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Beyond speechless...

This lunchtime, a guy from UPS turned up. You have a parcel.

No I don't.

This is you, yes?
He shows me a box that says Digi-key. I know the company, they're like RS only they speak to normal people too. Big American warehouse of pretty much anything that works with wiggling electrons.
And yes, my address.

I didn't order anything. I might be messed up with night shift, but I think I'd remember!

He takes his key and whips the box open. I can look at what it is and refuse it, either way so long as I make a signature against my chosen option.

I recognise the contents. What the hell? A look at the receipt, somebody ordered this thing and had it shipped to me. I will point out that it wasn't a little inexpensive thing either.
I signed for it. The picture was clearer now I saw the receipt and could figure out what was happening. Possibly if the UPS man came in the afternoon, by brain might have been functioning too.

The sender? He's a reader of my blog - so if he wishes to add anything... comments section below. ☺ Otherwise, THANK YOU!

Here it is:

Beagle xM


Beagle xM


For those not nerdily inclined, it is an ARM powered computer board. The xM revision is the later Beagle that offers a faster processor (1GHz ARM Cortex A8 with HD capable DSP), PowerVR SGX GPU, 512MiB RAM, ethernet, 4 USB ports... If you think of the RaspberryPi, this is the RPi on acid. Unlike the earlier Beagle, this contains no flash so - as with the RPi - boots from an image held on a microSD card. In this day and age, that might be a more resiliant option. Additionally, it means you can change the OS simply by starting it up with a different card inserted, you don't have to pick one or the other.
The Beagle is supplied with a type of Linux (Angstrom, I think). It can also run RISC OS. The ARMini computer is one of these in a nice box with all the necessary pieces sorted out, installed, and sold as a pre-made unit.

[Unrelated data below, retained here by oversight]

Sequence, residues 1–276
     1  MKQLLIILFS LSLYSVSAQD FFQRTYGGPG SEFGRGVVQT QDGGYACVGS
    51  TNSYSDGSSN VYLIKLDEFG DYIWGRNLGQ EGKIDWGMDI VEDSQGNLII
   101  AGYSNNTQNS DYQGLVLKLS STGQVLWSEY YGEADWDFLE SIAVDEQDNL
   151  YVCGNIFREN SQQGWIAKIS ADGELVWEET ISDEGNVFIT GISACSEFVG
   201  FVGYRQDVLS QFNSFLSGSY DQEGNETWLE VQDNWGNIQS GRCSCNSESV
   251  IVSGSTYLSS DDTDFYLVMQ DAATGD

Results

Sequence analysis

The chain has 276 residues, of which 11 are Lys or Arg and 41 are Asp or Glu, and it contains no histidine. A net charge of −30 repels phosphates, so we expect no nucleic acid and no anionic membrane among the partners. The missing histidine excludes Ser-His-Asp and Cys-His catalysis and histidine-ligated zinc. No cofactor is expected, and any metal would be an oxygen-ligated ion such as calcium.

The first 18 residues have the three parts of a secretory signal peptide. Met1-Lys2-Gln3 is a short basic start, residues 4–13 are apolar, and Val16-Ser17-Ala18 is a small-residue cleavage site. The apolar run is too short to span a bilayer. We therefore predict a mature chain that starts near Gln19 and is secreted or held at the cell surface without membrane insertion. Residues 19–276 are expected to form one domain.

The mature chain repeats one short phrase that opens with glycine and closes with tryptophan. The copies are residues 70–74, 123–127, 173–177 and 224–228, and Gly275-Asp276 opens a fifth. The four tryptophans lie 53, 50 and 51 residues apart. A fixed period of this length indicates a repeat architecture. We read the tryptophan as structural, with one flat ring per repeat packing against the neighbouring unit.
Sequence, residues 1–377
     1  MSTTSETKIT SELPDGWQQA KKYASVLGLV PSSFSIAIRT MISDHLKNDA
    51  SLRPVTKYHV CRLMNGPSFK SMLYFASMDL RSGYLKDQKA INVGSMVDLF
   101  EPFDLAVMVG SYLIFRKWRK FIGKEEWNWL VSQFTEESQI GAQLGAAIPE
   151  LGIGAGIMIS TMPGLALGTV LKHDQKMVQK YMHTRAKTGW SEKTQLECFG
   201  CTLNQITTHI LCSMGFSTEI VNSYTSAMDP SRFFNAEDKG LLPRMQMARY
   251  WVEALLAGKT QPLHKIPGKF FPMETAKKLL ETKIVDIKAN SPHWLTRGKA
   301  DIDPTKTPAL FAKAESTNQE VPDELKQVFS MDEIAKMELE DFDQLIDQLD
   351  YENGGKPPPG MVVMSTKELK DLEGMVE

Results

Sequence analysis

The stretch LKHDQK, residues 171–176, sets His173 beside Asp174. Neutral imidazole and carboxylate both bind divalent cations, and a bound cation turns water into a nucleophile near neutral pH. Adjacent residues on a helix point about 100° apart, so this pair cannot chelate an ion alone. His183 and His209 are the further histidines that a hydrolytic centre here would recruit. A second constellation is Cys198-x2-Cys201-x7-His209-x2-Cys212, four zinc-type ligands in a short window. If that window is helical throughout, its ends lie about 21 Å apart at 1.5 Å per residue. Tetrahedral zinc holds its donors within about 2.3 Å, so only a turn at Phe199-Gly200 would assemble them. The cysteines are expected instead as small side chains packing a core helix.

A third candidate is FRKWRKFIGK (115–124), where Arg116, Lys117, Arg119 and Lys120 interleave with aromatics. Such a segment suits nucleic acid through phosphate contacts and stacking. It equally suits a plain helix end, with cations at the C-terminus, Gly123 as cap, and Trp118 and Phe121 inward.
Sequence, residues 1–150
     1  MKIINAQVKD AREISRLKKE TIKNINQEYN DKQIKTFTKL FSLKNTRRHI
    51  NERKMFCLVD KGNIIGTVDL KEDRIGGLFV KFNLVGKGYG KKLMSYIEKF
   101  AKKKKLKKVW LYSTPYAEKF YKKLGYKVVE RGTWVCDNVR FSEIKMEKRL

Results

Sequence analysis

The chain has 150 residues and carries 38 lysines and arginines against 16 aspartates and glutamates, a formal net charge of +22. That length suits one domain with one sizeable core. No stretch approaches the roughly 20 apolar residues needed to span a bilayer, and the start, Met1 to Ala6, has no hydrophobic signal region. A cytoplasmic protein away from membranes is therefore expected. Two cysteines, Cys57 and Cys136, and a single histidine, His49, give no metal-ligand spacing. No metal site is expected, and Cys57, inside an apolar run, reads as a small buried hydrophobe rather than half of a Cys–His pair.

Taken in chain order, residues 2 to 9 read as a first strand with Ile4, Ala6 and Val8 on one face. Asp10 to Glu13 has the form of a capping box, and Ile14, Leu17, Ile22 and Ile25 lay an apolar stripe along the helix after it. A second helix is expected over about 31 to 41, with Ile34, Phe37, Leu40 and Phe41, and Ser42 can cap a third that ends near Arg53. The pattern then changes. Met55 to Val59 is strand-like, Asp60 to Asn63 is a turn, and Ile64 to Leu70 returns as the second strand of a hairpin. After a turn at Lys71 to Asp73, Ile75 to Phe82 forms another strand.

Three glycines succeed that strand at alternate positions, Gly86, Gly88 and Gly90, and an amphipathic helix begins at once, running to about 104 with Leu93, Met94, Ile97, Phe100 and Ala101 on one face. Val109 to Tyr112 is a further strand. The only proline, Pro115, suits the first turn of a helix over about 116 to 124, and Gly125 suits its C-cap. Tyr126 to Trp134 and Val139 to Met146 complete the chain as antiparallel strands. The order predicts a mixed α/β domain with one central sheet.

I have no idea what I'm going to do next - I still can't believe somebody sent me one. It's just... wow.
Thinking aloud - I don't have an LCD monitor so it'll be s-video into the capture device. If I run Linux awhile, I can probably install VNC, then see what it can do talking to it via the LAN. I plan to have a crack at RISC OS - one of the main problems I see as a developer is that while I have access to the latest version of RISC OS, the emulator I'm running it upon is a StrongARM RiscPC. This is ARMv4 era, since then things have changed in subtle ways - consider behaviour of unaligned loads where in older processors the base word would be loaded and then the data rotated (in other words, it wouldn't really work) and newer ARMs where it does actually work (but not as an atomic load). If you're interested in this facet of the differences between ARMs, I describe it in more detail on ARMwiki. Unfortunately some older compilers tended to use this as a dirty way to load halfword values (as older processors had no LDRH) and this pretty much fails on newer machines as something different is loaded!

I'm going to go and have numerous cups of tea while staring at my new toy. I... just... can't believe it's in a box in front of me...

Thank you again.


Update - late afternoon

I wasn't going to do anything, but it's like placing a cupcake in front of me and saying "don't touch". Yeah, right.

I hooked up the S-video to the capture box, then powered up from the USB host port. A green light came on. That's it.

Looking online, I discovered I needed to alter the environment file. This was a simple text file held on the microSD, so I renamed the original and created a new version with the info on the 'net. And powered up again. In NTSC mode, I saw colour test bars. All the lights would flicker, then test bars again.